Thursday, 17 January 2013

Suicide - Frankie Teardrop

Suicide is an American electronic protopunk musical duo, intermittently active since 1970 and composed of vocalist Alan Vega and Martin Rev on synthesizers and drum machines. They are an early synthesizer/vocal musical duo.

Frankie Teardrop is a song by Suicide from their acclaimed first album Suicide. The song tells a story of a young father and poverty-stricken factory worker. He is very depressed about this, and eventually drifts into insanity. One day, Frankie comes home from work, murders his wife and child, and then commits suicide. The narrative then continues to follow him into hell. The music backing this is sparse, featuring just a simple keyboard riff, drum machine, and the vocal line, creating a chilling atmosphere. Singer Alan Vega's "Dark, inhuman screams" add to the claustrophobic nature of the piece.

"Frankie Teardrop," one of the duo's definitive moments, and one of the most harrowing songs ever recorded. A ten-minute descent into the soul-crushing existence of a young factory worker, Rev's tense, repetitive rhythms and Vega's deadpan delivery and horrifying, almost inhuman screams make the song more literally and poetically political than the work of bands who wore their radical philosophies on their sleeves.
Heather Phares

Suicide, made up of Alan Vega and Martin Rev, are rightly regarded as one of the most important and influential bands of the seventies. At the time of this song’s release (from their 1977 self-titled debut album), they were regarded as punks, although they sounded nothing like every other punk band out there. Their punkness, if you like, was much more about the attitude, the desire to do different, than it was about the actual music. Their sound was defiantly minimalist, based around Rev’s electronic keyboards, a tinny drum machine and Vega’s twisted Gene Vincent-ish vocals. Overall it was as if they were on a mission to update, and pay homage to, the strangeness, and menacing echo and claustrophobia, of Elvis’s Heartbreak Hotel. Which is not to say that they didn’t also have moments of lightness: as the lovely Cheree and a few other songs demonstrate.

Frankie Teardrop is almost the extreme expression of what they were trying to achieve. The stabbing rhythm of the drums, the repetitive and threatening keyboard, the odd sounds of horror in the background all serve to carry and reinforce the song’s story: of a young factory worker who, beaten down by poverty and futility, kills his wife and child. But what makes it genuinely terrifying is Vega’s extraordinary vocals: partly-sung, mostly spoken and fairly detached. That is, until, he lets out some horrifying screams that jolt us out of that similar feeling of detachment and make us aware not only of the terrible events but also of Frankie’s pain and insanity. It’s very disturbing, and difficult to listen to – but frighteningly compelling.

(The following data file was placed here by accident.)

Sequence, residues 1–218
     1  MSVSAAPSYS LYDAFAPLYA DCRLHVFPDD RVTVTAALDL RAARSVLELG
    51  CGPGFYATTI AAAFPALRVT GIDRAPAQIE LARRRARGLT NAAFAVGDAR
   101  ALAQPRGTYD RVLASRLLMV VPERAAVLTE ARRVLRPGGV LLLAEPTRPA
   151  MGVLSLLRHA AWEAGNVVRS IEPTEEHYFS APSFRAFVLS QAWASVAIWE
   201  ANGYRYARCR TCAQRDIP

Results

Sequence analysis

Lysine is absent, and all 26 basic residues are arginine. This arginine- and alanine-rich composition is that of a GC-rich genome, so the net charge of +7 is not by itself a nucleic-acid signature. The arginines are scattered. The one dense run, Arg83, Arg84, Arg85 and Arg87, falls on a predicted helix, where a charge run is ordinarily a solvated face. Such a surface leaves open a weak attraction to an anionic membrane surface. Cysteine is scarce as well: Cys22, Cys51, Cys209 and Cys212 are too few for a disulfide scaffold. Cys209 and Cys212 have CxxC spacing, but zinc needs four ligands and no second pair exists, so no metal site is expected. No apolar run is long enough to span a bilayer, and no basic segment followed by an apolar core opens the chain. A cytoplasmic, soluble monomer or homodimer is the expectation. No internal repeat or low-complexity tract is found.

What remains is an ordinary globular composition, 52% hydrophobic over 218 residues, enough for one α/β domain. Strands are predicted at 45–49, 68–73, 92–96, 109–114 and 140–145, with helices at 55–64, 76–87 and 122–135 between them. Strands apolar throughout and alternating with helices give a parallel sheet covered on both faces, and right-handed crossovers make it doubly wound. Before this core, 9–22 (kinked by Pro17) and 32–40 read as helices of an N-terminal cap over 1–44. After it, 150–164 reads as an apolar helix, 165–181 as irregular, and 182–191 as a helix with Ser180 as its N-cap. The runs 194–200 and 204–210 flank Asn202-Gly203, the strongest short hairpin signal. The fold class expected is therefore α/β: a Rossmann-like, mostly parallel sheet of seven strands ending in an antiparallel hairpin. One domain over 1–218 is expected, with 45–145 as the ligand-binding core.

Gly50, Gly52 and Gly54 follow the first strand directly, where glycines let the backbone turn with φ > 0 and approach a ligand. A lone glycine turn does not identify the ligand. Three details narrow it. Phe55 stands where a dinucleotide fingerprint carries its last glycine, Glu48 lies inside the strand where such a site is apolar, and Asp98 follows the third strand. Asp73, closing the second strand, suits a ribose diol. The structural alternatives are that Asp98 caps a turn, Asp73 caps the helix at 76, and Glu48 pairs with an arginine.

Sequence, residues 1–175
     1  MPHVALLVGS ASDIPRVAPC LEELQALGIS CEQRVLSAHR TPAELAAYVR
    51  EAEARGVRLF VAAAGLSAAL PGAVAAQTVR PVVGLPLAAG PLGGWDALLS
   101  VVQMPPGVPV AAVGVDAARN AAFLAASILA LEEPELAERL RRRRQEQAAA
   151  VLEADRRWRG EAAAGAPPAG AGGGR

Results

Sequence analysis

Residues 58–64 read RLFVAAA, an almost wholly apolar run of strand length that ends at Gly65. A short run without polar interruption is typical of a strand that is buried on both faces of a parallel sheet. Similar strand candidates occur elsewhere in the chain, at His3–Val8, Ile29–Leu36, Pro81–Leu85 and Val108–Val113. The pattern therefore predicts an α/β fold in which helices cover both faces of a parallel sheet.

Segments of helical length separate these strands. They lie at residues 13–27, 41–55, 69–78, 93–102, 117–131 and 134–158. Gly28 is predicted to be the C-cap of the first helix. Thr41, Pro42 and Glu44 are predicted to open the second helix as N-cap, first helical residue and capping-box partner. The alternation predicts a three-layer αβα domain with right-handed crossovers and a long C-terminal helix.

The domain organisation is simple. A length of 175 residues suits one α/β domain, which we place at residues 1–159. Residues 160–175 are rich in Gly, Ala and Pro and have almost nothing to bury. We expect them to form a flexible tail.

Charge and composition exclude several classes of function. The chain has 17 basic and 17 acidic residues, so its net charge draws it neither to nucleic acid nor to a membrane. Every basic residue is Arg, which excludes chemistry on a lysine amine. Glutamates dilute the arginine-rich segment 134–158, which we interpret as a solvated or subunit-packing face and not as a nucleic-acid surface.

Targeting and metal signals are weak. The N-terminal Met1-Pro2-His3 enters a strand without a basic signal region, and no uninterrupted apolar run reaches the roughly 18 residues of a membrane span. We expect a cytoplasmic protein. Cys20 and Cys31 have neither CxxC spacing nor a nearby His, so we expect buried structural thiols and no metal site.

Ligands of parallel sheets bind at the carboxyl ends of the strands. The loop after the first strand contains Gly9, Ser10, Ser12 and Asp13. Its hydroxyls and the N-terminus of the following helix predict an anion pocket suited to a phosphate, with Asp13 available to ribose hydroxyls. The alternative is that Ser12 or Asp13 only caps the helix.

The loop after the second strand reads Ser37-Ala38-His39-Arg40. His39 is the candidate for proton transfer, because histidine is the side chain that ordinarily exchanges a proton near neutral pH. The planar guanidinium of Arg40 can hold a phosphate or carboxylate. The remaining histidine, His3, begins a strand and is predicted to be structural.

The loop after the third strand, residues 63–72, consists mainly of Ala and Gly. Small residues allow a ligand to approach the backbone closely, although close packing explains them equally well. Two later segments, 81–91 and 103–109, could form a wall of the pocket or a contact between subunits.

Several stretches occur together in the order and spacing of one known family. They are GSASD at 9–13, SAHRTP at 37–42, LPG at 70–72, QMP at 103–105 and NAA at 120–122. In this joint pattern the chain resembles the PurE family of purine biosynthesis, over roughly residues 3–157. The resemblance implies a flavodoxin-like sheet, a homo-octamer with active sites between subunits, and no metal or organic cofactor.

Paul Saxton

Clocking in at ten-and-a-half minutes, "Frankie Teardrop" is a musical journey that knows no peers, and in every aspect, it stands as one of the most disturbing, yet completely captivating songs ever recorded.  It is within "Frankie Teardrop," as well as much of the album, where one can see how the sound of Suicide was the catalyst for the entire "synth pop" movement, as keyboard player and drum programmer Martin Rev creates the entire blueprint for the style.  The tight, fast, repeated progression that dominates the first half of the song builds a completely uncanny sense of tension, and though it is a cyclical sound, it manages to keep digging deeper and getting darker with each repetition.  It is this unending rhythm that also sets the mood for the song, as the lyrics speak of the downfall of a man from over-work, and one can feel an almost mundane, tedious tone within Rev's simple sonic arrangement.  The level of complexity within the music is beyond simple, and the fact that it is able to carry so much power within the sound is perhaps the greatest proof ever of the idea of attitude being superior to design.  Though many saw the "core" of punk as loud, driving guitars, on "Frankie Teardrop," Rev proves that such instruments are not even necessary, and though it defies almost every musical convention, there is no question that "Frankie Teardrop" is a work of musical genius that knows no equal.
The Daily Guru

Laser 3.14 - the suicide of frankie teardrop

In 1978, the founders of D.I.Y. magazine Art-Rite, Edit deAk and Mike (Walter) Robinson, collaborated with video artist Paul Dougherty in creating this eerie film and video montage for Suicide’s “Frankie Teardrop” in which ordinary images are suffused with dread.
“Frankie Teardrop” is a homicidal Punk epic. It’s a working-class ballad about Frankie who’s working from nine to five and can’t survive. His solution is to kill off his family and then himself. But it’s not done in an angry way. It’s done in a frustrated way so the film implies this frustration.”  Edit deAk
Shards of New York in the 1970s flutter like the wings of dying birds.
Marc Campbell


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